The Great White Way has had its best season for both theater attendance and ticket grosses - but why? Musical movies don't do all that great, all of the musical TV shows were canceled, and high school musical programs are all but nonexistent.
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More than 13 million people attended shows last year, an increase of 1.6 perfect from last season. Revenue increased by 0.6 percent.
Now the massive success of "Hamilton" likely played into the increase in visitors and revenue, but Hamilton was actually the fifth most attended show - largely because it is in a smaller theater.
Some big performers include old hits: The Book of Mormon (5 years), Wicked (13 years), The Lion King (20 years), and Aladdin (2 years).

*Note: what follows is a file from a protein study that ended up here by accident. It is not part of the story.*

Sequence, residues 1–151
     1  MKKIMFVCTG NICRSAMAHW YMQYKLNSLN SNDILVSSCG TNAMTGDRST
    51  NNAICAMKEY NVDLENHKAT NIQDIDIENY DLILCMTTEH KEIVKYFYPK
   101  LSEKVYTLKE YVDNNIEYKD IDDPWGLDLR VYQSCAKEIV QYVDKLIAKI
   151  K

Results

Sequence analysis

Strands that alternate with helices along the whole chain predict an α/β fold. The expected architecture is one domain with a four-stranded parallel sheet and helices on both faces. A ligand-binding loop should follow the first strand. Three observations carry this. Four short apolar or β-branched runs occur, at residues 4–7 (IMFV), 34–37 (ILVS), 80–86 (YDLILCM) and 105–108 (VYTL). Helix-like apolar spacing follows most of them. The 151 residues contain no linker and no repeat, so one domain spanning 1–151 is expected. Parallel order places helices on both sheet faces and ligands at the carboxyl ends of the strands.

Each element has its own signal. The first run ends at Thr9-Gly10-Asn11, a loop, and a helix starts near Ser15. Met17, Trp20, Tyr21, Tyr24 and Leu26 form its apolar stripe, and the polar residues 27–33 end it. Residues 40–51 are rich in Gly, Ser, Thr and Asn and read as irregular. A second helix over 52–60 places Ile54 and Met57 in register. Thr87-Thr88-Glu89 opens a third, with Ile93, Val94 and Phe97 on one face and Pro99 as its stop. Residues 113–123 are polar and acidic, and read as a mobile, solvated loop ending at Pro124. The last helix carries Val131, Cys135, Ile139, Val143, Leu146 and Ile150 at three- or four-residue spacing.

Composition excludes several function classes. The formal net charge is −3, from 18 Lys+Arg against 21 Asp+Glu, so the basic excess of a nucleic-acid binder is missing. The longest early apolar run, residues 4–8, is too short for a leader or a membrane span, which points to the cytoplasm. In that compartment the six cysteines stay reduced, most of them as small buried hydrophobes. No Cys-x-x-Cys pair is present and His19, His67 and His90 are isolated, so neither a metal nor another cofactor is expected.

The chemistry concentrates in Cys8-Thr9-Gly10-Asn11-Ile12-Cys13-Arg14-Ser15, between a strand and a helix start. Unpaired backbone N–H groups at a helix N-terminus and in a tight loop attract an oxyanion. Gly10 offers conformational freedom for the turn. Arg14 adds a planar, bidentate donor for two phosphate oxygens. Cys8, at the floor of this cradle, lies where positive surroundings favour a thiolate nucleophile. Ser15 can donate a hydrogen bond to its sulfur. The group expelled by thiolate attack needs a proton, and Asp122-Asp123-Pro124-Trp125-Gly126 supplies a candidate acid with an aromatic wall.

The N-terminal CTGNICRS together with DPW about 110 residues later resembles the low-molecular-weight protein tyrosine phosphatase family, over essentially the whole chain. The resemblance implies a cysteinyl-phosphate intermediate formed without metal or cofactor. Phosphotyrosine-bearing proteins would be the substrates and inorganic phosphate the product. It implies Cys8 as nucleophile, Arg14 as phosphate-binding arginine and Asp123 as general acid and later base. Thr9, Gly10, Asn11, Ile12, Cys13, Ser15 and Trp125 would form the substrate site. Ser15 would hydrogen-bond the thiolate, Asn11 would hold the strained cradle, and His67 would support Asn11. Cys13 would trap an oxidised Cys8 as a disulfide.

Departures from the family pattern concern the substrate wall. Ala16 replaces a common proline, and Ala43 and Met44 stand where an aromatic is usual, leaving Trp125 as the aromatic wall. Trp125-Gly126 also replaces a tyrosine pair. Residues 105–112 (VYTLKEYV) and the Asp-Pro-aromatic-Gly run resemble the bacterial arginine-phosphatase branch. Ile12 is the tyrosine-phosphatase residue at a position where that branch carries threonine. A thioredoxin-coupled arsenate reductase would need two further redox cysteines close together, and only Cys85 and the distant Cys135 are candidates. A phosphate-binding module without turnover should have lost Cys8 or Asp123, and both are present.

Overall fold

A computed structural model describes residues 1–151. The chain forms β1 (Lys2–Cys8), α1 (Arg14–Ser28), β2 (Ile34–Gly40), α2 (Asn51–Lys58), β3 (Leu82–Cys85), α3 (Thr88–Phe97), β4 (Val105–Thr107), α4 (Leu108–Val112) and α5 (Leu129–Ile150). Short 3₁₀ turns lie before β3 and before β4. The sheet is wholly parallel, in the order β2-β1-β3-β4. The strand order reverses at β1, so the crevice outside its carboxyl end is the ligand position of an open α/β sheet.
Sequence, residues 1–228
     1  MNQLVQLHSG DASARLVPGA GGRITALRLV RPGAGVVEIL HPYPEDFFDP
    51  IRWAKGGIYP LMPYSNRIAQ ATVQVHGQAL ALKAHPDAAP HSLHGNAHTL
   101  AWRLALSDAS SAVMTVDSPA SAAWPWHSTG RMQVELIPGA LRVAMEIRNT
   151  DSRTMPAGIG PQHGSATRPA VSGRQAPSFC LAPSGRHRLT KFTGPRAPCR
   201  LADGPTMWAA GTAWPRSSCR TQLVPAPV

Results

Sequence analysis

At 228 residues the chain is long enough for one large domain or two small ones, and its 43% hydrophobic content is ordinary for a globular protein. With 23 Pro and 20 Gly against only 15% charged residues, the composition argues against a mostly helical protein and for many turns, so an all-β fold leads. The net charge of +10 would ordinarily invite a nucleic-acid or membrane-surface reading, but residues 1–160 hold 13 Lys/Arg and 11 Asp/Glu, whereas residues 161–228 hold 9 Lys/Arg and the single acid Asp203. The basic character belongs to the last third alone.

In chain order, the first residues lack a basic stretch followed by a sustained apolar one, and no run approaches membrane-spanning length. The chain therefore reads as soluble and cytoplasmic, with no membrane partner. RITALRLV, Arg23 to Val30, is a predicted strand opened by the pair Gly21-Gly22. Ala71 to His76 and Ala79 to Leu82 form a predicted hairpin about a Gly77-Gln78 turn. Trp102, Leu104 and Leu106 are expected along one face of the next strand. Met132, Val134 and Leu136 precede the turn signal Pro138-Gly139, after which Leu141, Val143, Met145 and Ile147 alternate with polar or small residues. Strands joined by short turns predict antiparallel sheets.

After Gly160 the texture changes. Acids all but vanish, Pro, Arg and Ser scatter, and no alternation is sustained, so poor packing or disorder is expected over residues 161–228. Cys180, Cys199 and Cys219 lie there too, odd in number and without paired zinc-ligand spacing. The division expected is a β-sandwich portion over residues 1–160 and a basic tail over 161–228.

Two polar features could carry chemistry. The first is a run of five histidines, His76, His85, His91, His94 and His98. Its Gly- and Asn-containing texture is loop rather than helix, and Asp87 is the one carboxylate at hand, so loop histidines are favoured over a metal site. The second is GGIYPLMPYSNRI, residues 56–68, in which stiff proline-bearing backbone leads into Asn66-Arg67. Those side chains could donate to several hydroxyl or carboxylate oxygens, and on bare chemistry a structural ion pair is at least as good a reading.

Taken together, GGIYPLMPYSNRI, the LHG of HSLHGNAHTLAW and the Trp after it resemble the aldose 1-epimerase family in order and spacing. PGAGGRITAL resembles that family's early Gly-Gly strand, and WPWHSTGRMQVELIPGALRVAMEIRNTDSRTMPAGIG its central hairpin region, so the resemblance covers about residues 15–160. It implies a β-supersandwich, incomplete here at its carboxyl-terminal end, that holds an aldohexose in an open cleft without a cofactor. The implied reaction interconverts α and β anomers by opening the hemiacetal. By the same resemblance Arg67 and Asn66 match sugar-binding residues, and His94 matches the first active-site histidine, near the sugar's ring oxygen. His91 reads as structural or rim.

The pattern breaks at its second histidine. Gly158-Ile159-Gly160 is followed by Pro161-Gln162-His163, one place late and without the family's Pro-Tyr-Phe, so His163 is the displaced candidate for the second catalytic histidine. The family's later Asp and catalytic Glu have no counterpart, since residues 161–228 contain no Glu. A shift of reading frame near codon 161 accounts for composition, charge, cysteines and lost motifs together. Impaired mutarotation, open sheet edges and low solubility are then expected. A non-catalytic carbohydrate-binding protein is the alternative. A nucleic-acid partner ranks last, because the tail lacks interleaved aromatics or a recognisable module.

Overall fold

But something strange also happened, ticket prices went down for the first time in recorded history. "Premium ticket sales for hot shows are pumping overall grosses, [but] discounts at slower-selling productions are keeping the combined rise in check,” Hollywood Reporter writer David Rooney wrote of this change.
Broadway plays made up only 13% of the revenue, showing that maybe plays are on their way out.
“I continue to be really worried about the plays,” Victoria Bailey, executive director of the Theater Development Fund (which is in charge of the TKTS stands where Broadway tickets can be bought), told the NYT. “When people are going to the theater, either as a tourist or for a celebratory event, they tend to go to musicals, and so I think it’s even harder for plays to make a go of it. In the short run, we’re holding even, but what is five years from now going to look like?”
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However, some plays are doing very well - Arthur Miller's The Crucible is performing well and The Humans is continuing to build an audience around word of mouth and stellar reviews for the realistic look at the American family.